Allan Didier

GD Projects

The Game Design projects are structured around two different software platforms. Unity is the preferred software, but it requires a decent computer to run. It will not run on the Chromebooks. If students don’t have access to a computer that can run Unity, I have projects that student can do using Scratch. Scratch is a free web-based game design platform that will run on the Chromebooks. 

Unity Projects

Beginner Unity Projects

The projects are designed to get you up and running with Unity. They are not meant to be done in order. At some point, you need to know scripting and some C# to create your own games in Unity. If you don’t know any scripting languages, that is OK. There are some beginner Unity projects that don’t require any scripting and can get you started using Unity.

  • C# and Visual Scripting: New to scripting or want some practice to see how C# and Unity work together. Here are two tutorials to help. One is a Codecademy tutorial to get you going in C#. The other in a Unity tutorial that explores how C# scripting works in Unity.
  • Roll-A-Ball: Follow Unity’s Roll-A-Ball tutorial to create a simple pick-up game. You will create the game from scratch, creating your own objects and writing your own scripts. 
  • Maze Game: Expand the Roll-A-Ball game to make your own maze game.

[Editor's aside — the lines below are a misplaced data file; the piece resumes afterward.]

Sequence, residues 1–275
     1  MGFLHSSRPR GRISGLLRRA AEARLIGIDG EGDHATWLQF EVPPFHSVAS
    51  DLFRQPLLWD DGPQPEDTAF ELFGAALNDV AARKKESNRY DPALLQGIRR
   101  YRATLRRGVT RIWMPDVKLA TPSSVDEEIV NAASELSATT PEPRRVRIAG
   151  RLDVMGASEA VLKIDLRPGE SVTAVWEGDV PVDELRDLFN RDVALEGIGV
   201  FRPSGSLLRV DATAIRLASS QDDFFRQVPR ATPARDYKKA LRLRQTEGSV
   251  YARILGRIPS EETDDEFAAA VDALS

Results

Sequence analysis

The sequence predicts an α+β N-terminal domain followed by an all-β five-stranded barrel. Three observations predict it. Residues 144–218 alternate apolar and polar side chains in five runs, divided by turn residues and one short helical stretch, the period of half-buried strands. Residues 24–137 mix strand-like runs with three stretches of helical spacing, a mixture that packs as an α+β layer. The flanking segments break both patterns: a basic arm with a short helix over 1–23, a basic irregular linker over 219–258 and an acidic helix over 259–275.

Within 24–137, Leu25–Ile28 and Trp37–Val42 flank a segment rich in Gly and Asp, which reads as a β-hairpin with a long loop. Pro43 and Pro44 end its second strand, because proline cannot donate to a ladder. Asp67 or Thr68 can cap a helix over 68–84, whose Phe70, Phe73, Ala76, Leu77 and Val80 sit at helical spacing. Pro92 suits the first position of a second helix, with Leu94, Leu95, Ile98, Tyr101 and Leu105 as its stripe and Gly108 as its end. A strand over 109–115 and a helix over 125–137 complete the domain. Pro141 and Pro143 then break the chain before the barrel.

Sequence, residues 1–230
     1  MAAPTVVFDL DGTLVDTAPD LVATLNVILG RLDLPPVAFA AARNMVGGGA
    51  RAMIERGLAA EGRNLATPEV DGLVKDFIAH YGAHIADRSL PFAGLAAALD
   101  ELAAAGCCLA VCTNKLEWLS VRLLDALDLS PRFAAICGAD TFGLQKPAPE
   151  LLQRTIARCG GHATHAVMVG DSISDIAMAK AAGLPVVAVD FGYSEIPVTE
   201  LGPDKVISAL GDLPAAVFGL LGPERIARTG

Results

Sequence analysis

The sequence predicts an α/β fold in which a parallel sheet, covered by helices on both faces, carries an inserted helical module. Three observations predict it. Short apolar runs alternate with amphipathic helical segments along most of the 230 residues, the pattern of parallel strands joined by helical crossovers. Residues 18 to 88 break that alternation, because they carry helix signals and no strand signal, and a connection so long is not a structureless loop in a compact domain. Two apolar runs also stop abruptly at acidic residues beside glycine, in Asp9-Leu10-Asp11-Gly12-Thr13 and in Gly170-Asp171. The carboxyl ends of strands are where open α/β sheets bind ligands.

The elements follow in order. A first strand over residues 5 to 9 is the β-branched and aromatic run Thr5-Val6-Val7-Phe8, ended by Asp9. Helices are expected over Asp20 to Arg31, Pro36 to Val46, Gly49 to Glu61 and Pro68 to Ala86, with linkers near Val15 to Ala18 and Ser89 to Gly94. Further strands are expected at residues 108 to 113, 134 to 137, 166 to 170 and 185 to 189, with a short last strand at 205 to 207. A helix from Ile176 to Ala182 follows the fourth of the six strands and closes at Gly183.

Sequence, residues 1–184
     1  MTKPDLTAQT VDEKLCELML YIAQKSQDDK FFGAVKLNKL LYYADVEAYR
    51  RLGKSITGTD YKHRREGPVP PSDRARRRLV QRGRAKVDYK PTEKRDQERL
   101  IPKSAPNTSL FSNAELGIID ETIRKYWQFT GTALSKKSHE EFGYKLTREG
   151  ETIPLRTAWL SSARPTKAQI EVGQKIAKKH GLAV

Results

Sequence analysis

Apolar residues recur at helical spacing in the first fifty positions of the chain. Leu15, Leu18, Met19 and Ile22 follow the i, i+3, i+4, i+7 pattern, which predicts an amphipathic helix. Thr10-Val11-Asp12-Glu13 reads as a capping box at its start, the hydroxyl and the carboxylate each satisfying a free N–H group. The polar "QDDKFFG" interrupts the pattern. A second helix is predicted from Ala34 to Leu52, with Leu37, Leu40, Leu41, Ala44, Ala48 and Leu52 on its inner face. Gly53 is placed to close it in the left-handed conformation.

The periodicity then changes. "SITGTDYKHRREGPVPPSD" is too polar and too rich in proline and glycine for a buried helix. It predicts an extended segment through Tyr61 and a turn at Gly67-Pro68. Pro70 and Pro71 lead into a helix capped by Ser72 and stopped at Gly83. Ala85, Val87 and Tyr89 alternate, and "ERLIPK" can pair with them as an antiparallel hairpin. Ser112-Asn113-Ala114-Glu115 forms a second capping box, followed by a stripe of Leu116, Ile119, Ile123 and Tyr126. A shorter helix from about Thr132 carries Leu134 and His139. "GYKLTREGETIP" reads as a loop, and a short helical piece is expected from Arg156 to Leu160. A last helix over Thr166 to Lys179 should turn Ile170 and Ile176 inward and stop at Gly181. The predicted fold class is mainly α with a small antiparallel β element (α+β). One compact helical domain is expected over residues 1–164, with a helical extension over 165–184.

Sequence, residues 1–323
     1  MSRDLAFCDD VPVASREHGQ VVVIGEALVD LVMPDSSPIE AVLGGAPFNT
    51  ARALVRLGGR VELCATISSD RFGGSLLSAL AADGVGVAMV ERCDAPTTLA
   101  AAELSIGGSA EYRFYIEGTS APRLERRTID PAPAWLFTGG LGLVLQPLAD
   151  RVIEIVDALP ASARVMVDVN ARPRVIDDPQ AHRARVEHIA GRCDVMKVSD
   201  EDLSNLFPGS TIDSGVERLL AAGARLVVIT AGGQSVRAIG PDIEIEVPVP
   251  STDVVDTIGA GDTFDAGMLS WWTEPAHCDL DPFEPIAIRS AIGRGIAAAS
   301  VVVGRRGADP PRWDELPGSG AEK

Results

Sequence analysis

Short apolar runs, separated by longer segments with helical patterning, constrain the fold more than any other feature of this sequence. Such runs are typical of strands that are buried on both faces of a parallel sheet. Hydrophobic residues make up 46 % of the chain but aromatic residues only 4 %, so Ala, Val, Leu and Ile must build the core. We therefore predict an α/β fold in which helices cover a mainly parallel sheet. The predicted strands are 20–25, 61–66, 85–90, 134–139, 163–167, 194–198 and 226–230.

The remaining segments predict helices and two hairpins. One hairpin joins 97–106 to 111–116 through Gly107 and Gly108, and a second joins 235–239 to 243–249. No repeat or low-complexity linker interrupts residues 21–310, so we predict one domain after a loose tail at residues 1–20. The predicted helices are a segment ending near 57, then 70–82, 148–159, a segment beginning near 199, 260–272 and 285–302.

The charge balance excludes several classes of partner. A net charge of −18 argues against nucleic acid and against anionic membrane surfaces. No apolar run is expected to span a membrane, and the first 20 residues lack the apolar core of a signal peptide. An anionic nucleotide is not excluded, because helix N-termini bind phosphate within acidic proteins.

• 2D Game Kit: Follow Unity’s 2D Game Kit tutorial to make a game with Ellen. This project requires no scripting, but getting the kit to work properly can be a challenge. 
  • Create with Code: Challenge your C# skills by creating a variety of small games that require heavy coding. 

Intermediate Unity Projects

  1. 2D Game Kit Part 2: Continue building a game from the 2D game kit. Add more levels, hazards, and an inventory.
  2. Ruby’s 2D Adventure: Create your own 2D adventure game from the ground up. 

Advanced Unity Projects

  1. 3D Game Kit. Take Ellen into 3D. This is an extension of the 2D Game Kit, but in 3D. It is a lot of fun, but a requires a beefy system to run. If you don’t have a newer computer with decent graphics card, don’t bother with it. Also, the Full Kit is about 4Gb in size. It’s huge!

Other Projects

  1. Other Unity Learn Projects: Unity Learn has many other great tutorials. Check out this list for some other projects like a first person shooter, karting game, and a platformer. 
  2. Level Design: Do you have a good handle on one of the kits or can build a game on your own and want the next challenge? Focus on building levels for the game and make a progressively challenging game. 
  3. Skill Tutorials: Want to learn a specific skill in Unity but don’t want to work your way though a whole project tutorial. This page has links to other videos focusing on very specific skills such as animation, spawning objects, scene management and more. 

Scratch Projects

Scratch is on online game engine that can run on your Chromebooks. It will be used in this class for students who do not have access to a computer that can run Unity. It is much simpler and easier than Unity, but much more limited in what it can do. I normally use Scratch in my Intro to Computer Science class, so my Scratch Projects are in that class’s web pages.